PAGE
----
At my business school, students end their MBA curriculum with a Capstone class. This class is intended to “bring it all together” and hence its moniker. It is a special pedagogical experience for student and teacher and one that should not be bypassed. It’s always good to consolidate one’s knowledge and have the pieces fall in place.
Every now and then a student prefers to opt out of this end game experience, preferring the Thesis option that may be taken in lieu of their Capstone class. This is a mistake. Unless a student is highly motivated, knows exactly what he wants to do for a thesis, and has already undertaken at least a hundred hours of exploration of the subject matter of the thesis, it is a plain waste of time. And the opportunity cost is high, because the learning from the Capstone class is priceless. Yes, Capstone is a lot of work, and it is tempting at the end of the long haul towards a graduate degree to want to give oneself a break. But especially in this case, it’s a mistake. The trade-off is not even close, unless some really special conditions are pre-existent for the Thesis. Such as
- The student knows exactly the question to ask in the thesis. The Question is the Thesis. When a student comes to me and requests I offer up suggestions for a topic, I let him/her know that I do not want ownership of the project, which is what happens if it’s my question. It has to be the student’s. Else it’s a no go. Much the learning comes from finding the question to ask in the thesis. Without that it’s literally half-baked. And a half-baked anything is not palatable.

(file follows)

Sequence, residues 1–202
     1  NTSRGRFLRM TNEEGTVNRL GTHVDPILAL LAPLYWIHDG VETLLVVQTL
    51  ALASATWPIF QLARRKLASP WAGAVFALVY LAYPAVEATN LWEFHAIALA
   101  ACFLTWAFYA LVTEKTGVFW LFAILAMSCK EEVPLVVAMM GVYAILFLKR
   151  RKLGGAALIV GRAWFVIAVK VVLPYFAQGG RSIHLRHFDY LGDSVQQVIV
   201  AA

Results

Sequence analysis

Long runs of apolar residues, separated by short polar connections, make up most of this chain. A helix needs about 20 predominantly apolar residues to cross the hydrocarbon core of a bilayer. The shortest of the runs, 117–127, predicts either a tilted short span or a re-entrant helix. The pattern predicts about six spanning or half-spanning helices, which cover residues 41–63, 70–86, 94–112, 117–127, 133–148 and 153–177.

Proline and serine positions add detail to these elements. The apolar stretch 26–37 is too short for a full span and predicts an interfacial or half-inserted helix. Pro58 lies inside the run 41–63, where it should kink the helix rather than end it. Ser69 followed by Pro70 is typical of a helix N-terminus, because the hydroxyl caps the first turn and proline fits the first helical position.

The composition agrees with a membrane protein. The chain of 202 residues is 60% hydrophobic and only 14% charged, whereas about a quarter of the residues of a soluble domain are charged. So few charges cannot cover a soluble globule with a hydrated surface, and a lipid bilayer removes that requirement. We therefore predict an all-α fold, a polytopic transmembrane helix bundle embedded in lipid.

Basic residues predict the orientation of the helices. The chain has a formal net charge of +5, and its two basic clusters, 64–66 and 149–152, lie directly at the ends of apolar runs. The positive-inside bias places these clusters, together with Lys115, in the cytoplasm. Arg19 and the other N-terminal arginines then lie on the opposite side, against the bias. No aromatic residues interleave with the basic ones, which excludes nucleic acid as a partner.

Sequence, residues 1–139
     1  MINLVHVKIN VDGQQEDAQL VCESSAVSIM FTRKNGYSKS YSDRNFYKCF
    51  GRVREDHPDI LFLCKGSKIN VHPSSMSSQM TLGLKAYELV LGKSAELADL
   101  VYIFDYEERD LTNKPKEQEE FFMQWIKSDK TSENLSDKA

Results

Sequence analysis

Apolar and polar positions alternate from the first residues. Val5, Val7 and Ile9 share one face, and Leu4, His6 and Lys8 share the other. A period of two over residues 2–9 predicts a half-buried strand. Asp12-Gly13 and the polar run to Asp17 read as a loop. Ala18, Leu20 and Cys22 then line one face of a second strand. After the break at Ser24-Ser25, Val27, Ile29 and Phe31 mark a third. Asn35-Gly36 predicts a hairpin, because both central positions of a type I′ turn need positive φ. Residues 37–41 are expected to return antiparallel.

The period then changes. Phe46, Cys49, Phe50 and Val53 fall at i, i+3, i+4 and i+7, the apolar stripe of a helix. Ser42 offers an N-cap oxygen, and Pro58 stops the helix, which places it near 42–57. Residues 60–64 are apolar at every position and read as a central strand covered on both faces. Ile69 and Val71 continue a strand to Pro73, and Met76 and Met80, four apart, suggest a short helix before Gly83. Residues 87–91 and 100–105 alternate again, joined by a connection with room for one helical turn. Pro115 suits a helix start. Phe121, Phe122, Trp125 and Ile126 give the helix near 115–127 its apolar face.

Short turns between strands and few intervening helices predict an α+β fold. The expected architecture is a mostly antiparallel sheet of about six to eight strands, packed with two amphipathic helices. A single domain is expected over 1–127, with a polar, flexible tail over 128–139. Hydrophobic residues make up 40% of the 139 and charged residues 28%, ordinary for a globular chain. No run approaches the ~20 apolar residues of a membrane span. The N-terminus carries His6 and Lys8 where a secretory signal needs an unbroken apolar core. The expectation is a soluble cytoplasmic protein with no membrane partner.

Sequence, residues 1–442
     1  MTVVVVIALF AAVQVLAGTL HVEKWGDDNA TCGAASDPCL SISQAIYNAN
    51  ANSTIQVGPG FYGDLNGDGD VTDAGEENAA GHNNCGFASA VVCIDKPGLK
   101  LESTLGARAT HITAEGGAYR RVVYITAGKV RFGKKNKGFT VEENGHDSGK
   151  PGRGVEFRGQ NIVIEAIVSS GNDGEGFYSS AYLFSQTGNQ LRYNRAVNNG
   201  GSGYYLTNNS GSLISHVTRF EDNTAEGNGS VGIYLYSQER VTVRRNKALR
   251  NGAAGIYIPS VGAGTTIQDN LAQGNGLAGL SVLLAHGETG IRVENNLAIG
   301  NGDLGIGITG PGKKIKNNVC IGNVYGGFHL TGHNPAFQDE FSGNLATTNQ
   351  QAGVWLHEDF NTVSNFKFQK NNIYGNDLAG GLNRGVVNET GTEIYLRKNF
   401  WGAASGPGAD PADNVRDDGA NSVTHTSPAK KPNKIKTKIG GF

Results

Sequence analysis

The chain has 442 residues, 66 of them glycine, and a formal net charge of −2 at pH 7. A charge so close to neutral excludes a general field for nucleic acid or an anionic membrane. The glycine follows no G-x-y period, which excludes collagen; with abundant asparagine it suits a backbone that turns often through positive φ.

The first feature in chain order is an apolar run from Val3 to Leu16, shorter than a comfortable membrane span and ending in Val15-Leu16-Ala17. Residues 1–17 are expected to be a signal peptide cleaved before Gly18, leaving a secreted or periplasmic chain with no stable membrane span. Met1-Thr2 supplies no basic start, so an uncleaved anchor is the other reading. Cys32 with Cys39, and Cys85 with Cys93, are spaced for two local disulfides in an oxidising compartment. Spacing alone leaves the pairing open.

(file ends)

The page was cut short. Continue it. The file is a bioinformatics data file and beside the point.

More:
- A good question is simple, yet rigorously derived, unique, and poignant. As Helen Hunt noted – “The best movies have one sentence that they are exploring, a thesis, something people can argue about over dinner afterward.”
- As noted above, at least a hundred hours of thinking and exploring should have gone into the Thesis idea already, some of it in formulating the question of course. Without that no one (student or professor) can be confident that the question is a good one. And a good answer to a bad question is even worse than no answer at all (or a bad answer to a good question). As a senior colleague once said to me – “if something is not worth doing, it’s not worth doing well.”
- The student should be prepared to work on the Thesis over two quarters. Rushing it through in one quarter just leads to nonsense. If a student asks me to supervise a thesis I would like to see a two-quarter plan, else I decline.
- The student should be prepared to sell the Thesis idea to the professor. For this you need passion, which comes from a hundred hours of immersion. Thesis supervision for a professor entails quite a few hours, with no additional compensation. It’s almost like keeping office hours for an extra course when not actually going to class to teach it. So the student needs to ask – “What’s in my idea for the Professor?” – there should be a possible follow-on research paper, or something new that the professor will learn from it. A good thesis will hit a symbiotic sweet spot.
Sounds harsh? Not really. And I’ve learnt this the hard way. Without these conditions, it’s a chore for both sides of the Thesis, student and professor. At the end of it one wishes to have taken the Capstone twice over! As Manfred Eigen said – “Sometimes a scream is better than a thesis.”